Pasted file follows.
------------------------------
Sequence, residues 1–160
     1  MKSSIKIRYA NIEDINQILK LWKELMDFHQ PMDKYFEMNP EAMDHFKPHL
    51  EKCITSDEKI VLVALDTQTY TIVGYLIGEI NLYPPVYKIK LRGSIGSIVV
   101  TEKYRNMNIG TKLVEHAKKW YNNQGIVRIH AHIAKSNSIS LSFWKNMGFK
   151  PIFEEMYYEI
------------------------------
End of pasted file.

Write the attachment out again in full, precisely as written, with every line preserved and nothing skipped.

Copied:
Sequence, residues 1–160
     1  MKSSIKIRYA NIEDINQILK LWKELMDFHQ PMDKYFEMNP EAMDHFKPHL
    51  EKCITSDEKI VLVALDTQTY TIVGYLIGEI NLYPPVYKIK LRGSIGSIVV
   101  TEKYRNMNIG TKLVEHAKKW YNNQGIVRIH AHIAKSNSIS LSFWKNMGFK
   151  PIFEEMYYEI